Supplier optionality, coupled with a risk assessment, identifies individual suppliers that, among other criteria:

  • Offer the quality, throughput, and potential you are looking for.
  • Have financial stability.
  • Have the capacity you need and expect to need.
  • Have an adequate and capable workforce.
  • Will help solve your current sourcing challenges.

Although +1 sourcing and supplier optionality have many benefits, they can increase complexity because laws, market dynamics, and business practices vary in different locations. Thus, a thorough assessment should be made to find the optimum balance of risk and reward.


Ensure long-term benefits while improving relationships and communication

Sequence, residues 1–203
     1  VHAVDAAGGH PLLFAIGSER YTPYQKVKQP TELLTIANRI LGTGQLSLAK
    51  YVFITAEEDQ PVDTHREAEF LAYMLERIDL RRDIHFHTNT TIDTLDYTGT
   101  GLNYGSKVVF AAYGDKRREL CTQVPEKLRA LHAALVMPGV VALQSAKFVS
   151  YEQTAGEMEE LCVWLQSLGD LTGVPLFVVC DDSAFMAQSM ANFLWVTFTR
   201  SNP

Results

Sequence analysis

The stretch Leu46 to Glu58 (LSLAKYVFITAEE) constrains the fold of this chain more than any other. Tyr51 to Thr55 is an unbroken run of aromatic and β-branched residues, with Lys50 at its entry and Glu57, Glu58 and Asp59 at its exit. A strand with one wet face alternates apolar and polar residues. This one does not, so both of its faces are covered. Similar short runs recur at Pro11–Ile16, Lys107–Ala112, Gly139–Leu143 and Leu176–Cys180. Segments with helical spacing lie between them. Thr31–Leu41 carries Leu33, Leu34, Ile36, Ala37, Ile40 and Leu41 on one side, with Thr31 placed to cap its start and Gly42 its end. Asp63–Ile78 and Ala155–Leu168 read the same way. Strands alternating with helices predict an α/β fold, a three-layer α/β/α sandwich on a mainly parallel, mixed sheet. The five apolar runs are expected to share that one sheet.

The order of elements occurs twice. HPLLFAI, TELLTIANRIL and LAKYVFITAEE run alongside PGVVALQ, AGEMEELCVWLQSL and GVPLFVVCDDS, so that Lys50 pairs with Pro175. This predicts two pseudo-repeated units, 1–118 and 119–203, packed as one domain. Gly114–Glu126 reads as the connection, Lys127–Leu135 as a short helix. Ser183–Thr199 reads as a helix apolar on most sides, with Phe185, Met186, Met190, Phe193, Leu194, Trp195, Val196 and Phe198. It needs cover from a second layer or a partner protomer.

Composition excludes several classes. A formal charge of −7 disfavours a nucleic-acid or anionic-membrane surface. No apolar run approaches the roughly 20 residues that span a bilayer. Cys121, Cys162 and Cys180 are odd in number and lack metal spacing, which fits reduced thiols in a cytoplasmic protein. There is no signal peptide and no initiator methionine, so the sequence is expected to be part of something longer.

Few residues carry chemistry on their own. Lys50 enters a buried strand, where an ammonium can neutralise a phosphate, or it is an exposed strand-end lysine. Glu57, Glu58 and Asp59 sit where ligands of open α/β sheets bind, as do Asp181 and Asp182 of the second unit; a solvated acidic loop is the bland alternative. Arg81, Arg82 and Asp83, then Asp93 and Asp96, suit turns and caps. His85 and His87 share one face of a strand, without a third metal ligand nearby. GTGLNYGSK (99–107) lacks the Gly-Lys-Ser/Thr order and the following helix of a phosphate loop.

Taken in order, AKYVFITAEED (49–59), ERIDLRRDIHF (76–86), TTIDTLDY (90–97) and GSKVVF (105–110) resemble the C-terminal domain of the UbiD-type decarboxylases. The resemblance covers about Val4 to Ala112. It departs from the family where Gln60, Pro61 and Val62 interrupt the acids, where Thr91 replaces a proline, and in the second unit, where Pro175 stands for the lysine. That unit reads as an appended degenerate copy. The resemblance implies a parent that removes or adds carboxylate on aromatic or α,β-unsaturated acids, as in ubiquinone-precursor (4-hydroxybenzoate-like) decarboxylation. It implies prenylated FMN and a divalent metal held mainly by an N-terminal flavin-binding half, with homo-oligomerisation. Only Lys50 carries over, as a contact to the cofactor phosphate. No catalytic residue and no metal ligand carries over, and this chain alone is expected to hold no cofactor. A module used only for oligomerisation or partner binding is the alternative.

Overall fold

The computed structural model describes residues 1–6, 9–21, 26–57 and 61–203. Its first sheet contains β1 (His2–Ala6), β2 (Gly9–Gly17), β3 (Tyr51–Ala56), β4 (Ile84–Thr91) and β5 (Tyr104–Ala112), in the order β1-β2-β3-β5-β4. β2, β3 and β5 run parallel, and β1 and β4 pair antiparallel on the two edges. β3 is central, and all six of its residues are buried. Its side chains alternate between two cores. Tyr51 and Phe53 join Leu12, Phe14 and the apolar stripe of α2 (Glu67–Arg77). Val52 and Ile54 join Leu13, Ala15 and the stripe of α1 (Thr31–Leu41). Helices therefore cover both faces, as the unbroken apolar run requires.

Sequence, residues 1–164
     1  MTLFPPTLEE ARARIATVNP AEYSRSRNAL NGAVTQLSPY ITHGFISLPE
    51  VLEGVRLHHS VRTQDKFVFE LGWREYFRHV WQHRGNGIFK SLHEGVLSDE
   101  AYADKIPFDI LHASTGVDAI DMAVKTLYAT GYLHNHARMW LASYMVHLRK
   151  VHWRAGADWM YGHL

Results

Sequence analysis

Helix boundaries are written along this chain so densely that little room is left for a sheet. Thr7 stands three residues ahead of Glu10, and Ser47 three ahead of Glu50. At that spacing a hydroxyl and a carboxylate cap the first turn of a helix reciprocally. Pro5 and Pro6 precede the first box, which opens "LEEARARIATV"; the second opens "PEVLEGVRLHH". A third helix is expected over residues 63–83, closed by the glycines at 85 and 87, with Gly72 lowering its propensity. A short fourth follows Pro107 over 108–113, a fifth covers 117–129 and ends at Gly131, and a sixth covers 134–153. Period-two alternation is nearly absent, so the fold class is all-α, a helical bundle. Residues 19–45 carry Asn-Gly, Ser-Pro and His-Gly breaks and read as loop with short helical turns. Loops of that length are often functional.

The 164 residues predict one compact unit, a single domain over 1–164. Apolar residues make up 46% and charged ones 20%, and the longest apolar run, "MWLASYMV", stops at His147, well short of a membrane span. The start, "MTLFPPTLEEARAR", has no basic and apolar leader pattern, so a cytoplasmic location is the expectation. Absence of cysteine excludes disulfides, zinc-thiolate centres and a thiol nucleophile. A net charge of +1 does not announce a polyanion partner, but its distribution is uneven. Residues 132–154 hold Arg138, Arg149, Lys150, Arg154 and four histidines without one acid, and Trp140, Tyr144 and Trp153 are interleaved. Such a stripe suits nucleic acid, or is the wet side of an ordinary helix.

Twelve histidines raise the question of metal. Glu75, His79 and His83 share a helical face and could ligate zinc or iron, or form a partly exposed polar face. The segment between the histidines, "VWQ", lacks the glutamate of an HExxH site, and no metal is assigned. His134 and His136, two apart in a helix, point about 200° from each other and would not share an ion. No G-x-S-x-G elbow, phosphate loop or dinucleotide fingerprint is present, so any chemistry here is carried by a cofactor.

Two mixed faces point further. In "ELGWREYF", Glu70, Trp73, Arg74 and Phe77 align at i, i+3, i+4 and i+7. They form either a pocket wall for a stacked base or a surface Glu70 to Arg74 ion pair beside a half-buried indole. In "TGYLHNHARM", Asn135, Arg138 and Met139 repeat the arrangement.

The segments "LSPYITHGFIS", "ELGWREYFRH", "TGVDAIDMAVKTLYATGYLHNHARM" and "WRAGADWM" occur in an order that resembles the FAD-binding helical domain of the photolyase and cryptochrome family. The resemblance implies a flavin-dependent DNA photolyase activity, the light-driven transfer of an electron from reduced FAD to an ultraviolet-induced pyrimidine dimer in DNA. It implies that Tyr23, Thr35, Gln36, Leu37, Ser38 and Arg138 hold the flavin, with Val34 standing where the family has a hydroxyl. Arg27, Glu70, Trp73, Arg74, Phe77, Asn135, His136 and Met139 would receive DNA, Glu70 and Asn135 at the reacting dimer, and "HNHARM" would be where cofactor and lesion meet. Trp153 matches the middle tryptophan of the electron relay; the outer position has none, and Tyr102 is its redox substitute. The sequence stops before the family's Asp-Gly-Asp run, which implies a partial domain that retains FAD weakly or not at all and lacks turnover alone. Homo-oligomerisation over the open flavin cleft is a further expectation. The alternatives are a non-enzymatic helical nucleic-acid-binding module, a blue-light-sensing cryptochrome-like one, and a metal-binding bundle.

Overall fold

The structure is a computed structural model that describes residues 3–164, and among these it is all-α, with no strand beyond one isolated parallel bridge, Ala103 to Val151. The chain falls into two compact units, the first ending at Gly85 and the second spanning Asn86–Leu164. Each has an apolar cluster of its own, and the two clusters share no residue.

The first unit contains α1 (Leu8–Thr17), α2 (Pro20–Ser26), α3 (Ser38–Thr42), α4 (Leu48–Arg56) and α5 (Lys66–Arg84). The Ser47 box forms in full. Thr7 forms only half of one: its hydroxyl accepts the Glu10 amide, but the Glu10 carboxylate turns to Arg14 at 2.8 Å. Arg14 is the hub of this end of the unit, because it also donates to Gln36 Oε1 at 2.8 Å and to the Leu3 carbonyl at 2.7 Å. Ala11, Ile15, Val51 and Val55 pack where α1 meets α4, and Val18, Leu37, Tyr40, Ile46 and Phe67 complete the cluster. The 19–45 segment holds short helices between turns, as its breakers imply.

Strategic procurement can be developed through a six-step approach that includes data analytics, implementation design, supplier qualification, supplier selection, supplier relationship creation, and supplier relationship management. This process matures the procurement function; it moves a purely transactional, tactical function into a proactive and strategic function. Procurement leaders understand supplier optionality and negotiate to leverage the value of supplier agreements. They track and monitor risks and opportunities, and work closely with sales, planning, operations, and logistics ensure the complete symphony of stakeholders works well together.

Ally-sourcing is based in both analytics and strategic initiatives. It reduces your company’s exposure to global risks, while strengthening both internal and external relationships. Ally-sourcing uncovers opportunities and pitfalls in your global sourcing approach while identifying regions/locations who can help you to meet your core social, political, and economic objectives.


Andrew Rader

Managing Director